Contributor: Division of Comparative Medicine, Department of Pathology, Johns Hopkins University, Baltimore, MD 21205.
1. Moise NS, Spaulding GL: Feline bronchial asthma: Pathogenesis, pathophysiology, diagnostic, and therapeutic considerations. Comp Cont Ed 3(12):1091-1102, 1981.
2. Dye JA: Feline bronchopulmonary disease. Vet Clin Of North America 22(5), 1187-1201, 1992.
3. Jubb KVF, Kennedy PC, Palmer N (eds): Pathology of Domestic Animals. Academic Press, 4th ed., Vol. 2, pp. 573-574, 1993.
International Veterinary Pathology Slide Bank:
Laser disc frame #1827, 2549, 2709, 5695.

Case IV - ND1 (AFIP 2547367)

Signalment: Adult mink.
History: No clinical history available.
Gross Pathology: Bilateral diffuse interstitial pneumonia, prominent diffuse pulmonary congestion.
Laboratory Results: Positive fluorescent antibody test for canine distemper.
Contributor's Diagnosis and Comments: Lung: Pneumonia, interstitial, severe, diffuse, acute, with numerous intranuclear and intracytoplasmic inclusion bodies.
Canine distemper is a pansystemic disease of numerous mammalian species caused by a paramyxovirus, genus morbillivirus. It is a common cause of production losses in the ranched mink industry. Acute interstitial pneumonia is frequently the most striking gross lesion.
Microscopically, sections of lung show prominent diffuse thickening of the pulmonary interstitium due to an infiltrate of mixed inflammatory cells, proteinic material, and blood-filled alveolar capillaries. Alveolar spaces are frequently compressed and contain increased numbers of pulmonary macrophages, sloughed pneumocytes and seroproteinaceous material. Numerous intranuclear and intracytoplasmic inclusion bodies are present within bronchiolar epithelial cells, pneumocytes and macrophages. Occasional syncytial cells are present within alveoli. Pulmonary tissue is diffusely congested.
AFIP Diagnosis: Lung: Pneumonia, bronchointerstitial, subacute, diffuse, moderate, with type II pneumocyte hyperplasia, syncytia, and intranuclear and eosinophilic intracytoplasmic inclusion bodies, mink, mustelid.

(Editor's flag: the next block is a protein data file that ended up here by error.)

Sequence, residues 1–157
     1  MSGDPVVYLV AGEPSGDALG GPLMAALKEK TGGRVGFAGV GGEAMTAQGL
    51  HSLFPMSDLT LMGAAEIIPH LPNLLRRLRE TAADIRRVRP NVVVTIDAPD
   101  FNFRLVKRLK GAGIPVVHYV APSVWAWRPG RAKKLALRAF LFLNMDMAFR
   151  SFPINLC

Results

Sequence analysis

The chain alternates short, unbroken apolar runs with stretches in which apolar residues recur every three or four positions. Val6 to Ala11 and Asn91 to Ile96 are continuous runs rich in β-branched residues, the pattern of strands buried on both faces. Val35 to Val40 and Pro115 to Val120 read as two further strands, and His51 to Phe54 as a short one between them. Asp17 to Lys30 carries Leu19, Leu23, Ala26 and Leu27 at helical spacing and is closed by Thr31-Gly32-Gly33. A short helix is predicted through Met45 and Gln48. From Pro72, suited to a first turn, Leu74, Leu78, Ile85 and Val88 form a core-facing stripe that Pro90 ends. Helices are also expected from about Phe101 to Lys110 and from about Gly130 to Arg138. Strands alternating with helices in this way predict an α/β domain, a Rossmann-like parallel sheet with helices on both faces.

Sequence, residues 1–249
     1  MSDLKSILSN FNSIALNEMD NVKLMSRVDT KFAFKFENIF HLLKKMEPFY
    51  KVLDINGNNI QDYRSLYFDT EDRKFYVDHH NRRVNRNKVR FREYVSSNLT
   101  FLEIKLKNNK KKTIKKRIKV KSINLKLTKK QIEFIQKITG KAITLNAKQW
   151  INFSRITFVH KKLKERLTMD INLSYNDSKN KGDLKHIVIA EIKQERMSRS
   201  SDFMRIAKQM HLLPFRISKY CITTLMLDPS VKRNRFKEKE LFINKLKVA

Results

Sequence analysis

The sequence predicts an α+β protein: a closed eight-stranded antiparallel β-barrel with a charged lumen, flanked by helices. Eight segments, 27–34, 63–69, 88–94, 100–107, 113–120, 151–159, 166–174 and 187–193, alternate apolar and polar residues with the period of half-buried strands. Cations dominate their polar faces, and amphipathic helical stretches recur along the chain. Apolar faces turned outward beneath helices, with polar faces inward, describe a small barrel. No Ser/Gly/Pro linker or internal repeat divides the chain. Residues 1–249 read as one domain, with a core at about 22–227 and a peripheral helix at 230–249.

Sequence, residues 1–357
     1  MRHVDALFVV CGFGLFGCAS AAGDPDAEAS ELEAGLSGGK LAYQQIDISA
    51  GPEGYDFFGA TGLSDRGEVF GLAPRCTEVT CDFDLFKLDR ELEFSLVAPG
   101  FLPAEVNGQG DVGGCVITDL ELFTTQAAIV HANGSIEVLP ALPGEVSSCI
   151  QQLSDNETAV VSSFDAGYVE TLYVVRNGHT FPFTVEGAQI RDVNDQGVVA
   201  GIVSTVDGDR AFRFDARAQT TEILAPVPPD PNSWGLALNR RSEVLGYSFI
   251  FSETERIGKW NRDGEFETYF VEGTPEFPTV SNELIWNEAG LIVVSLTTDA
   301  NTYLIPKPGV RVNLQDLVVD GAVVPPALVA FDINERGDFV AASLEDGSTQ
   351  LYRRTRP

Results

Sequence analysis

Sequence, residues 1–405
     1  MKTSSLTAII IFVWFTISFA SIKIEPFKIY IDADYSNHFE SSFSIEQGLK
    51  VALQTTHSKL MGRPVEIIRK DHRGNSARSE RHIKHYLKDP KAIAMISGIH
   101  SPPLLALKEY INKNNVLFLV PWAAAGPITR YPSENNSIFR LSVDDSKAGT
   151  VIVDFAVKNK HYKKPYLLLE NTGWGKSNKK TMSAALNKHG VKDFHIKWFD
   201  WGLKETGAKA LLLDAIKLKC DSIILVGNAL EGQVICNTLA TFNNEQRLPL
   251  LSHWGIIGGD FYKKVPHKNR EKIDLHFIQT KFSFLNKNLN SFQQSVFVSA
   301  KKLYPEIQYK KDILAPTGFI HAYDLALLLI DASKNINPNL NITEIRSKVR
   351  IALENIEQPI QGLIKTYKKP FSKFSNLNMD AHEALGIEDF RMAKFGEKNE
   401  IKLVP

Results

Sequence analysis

Conference Note: The conference participants agreed with the contributor's diagnosis and comments. Canine distemper virus (CDV) is a common pathogen in dogs, other canids, mustelids, procyonids, and viverrids. Recently, major outbreaks of canine distemper have occurred in javelinas (collared peccaries) in the United States, and in big cats in Africa and North America.
Contributor: North Dakota State University, Department of Veterinary & Microbiological Sciences, Fargo, ND 58102.
1. Appel MJG, et al: Canine distemper epizootic in lions, tigers and leopards in North America, J Vet Diag Invest 6:277-288, 1994.
2. Domingo M, et al: Pathologic and immunocytochemical studies of morbillivirus infection in striped dolphins (Stenella coeruleoalba). Vet Pathol 29:1-10, 1992.
3. Kennedy S, et al: Histopathological and immunocytochemical studies of distemper in harbor porpoises. Vet Pathol 28:1-7, 1991.
4. Jubb KVF, Kennedy PC, Palmer N (eds): Pathology of Domestic Animal, Academic Press, 4th ed., Vol. 2, pp. 617-624, 1993.
International Veterinary Pathology Slide Bank: None.
Lance Batey
Captain, VC, USA
Registry of Veterinary Pathology*
Department of Veterinary Pathology
Armed Forces Institute of Pathology
(202)782-2615; DSN: 662-2615
* The American Veterinary Medical Association and the American College of Veterinary Pathologists are co-sponsors of the Registry of Veterinary Pathology. The C.L. Davis Foundation also provides substantial support for the Registry.